But I did it. I’d never painted a room before, and I don’t think it looks horrible at all. (The tape came off, eventually. This is post-painting, pre-untaping.)

Black Bathroom

(The wall is about 60% white, from the floor up. Then it becomes black. I’m accenting with green and it’s lovely and not at all overwhelming. And if you hate it, don’t say anything because I’m determined to bask in my self-satisfaction for some time.)

This is our sweet backyard (honestly, the main selling point of the backyard is the dream of future summers spent lounging in a hammock, or grilling, or drinking a cold beer while sitting in a chair with the cool night air on your skin….all we need now is lightning bugs.)

Englewood backyard sweet

I’ll take more pictures soon….between the hectic painting schedule, the move itself, and trying to get our old apartment clean (eek!), I’ve had no time to breathe. I am very looking forward to some much-needed sleep this weekend.

And this guy – Carlos Black Cat Bunny Chicken Nugget

(Swisher commented that the glare Carlos is giving is the same glare I give.)

Carlos was super confused about the move. But I am so grateful for such a wonderful animal – he handles change far better than his mother. He had to spend much of Sunday in his cat carrier while people came in and out of the apartment. (He was very vocal about his displeasure.) But he got to go to the new house Sunday night and has been prowling around ever since. He seems to enjoy it, although I can tell that he misses the large windowsills we had at the apartment. I’ll have to build him some shelves for peering out.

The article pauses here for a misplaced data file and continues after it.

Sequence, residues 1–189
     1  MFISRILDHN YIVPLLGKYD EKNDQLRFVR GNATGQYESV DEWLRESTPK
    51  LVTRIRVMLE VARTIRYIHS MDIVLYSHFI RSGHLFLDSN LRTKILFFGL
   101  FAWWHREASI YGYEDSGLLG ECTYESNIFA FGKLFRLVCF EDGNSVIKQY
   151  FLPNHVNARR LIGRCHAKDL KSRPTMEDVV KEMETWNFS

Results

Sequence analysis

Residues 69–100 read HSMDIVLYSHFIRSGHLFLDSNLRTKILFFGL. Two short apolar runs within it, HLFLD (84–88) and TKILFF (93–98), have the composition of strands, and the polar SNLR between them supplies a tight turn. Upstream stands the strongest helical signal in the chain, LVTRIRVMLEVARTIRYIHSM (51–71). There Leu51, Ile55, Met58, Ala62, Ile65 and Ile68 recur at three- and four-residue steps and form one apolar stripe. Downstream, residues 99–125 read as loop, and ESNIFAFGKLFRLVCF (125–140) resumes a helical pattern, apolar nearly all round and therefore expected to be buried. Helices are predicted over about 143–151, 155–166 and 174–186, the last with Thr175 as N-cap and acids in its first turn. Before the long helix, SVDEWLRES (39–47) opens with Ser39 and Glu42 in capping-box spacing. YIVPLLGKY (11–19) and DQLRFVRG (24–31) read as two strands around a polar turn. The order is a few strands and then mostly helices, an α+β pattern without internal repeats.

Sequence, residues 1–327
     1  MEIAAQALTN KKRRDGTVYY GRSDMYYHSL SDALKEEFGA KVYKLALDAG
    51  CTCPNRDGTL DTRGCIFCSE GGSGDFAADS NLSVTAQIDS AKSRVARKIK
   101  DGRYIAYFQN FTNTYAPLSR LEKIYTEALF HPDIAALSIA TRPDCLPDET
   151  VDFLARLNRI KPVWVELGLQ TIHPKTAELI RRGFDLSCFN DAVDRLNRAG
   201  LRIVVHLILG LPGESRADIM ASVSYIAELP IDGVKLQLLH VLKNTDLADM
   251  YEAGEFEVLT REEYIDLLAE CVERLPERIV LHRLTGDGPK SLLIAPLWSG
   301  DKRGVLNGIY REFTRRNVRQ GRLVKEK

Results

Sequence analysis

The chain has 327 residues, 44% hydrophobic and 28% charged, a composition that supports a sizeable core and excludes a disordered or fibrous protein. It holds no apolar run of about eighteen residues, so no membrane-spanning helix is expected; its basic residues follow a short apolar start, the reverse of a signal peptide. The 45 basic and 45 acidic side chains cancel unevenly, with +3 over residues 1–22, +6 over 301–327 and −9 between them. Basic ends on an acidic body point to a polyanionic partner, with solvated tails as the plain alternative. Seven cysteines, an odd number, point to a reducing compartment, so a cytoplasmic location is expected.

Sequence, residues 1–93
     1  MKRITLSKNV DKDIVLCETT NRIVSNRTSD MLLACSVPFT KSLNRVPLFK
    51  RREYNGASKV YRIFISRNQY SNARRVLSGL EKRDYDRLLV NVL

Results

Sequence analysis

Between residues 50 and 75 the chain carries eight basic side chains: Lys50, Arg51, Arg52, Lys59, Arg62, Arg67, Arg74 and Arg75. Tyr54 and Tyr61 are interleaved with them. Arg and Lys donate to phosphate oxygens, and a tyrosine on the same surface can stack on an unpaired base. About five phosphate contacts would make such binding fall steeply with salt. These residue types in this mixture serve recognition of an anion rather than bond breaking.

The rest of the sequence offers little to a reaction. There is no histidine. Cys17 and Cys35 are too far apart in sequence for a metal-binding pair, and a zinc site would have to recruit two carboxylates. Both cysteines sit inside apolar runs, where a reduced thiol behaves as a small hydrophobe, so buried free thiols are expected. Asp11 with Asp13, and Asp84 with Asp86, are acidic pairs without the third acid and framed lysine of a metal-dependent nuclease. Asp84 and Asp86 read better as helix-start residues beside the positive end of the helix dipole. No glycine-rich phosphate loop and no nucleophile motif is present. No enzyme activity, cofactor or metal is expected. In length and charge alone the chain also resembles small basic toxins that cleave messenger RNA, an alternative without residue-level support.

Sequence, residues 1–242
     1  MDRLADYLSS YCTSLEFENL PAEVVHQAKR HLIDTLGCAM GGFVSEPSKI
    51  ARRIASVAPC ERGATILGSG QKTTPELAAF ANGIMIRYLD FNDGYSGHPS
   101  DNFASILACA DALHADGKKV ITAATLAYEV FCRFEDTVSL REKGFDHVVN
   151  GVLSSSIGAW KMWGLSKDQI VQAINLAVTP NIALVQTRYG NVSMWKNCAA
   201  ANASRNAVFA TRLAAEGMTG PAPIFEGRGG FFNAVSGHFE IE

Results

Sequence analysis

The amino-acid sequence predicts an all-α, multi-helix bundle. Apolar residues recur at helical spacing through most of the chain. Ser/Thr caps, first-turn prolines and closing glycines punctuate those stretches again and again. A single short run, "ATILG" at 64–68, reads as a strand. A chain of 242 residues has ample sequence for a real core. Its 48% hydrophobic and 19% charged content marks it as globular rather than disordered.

I don’t feel all the way settled yet. And I don’t feel all the way sad yet. It’s bittersweet, of course, this moving stuff. The apartment was the most wonderful place – my room was HUGE, the park was right across the street, I could walk to bars and my Thai place (my pineapple curry commute just about quadrupled). But I’m not complaining. It’s just always a little bit sad to leave part of your life behind. Cupcakes! Think of the lavender lemon cupcakes! (That I only get like once a month anyway….)

On the plus side, I found a gift certificate to my favorite bar, so I’ll have to go back sooner rather than later to use it. It’s not like I’m leaving Colfax forever. I’m just not going to be two blocks away.

But even better: I am now like ten minutes from work. I even stopped at the grocery store (2 min away from the house) this morning and wasn’t late. We have an insane backyard. We have an adorable house. I have the black bathroom I’ve always wanted. We have stainless steel appliances in the kitchen, including a dishwasher (!), and a washer and dryer (!!!!) in the basement. I won’t have to schedule laundry now!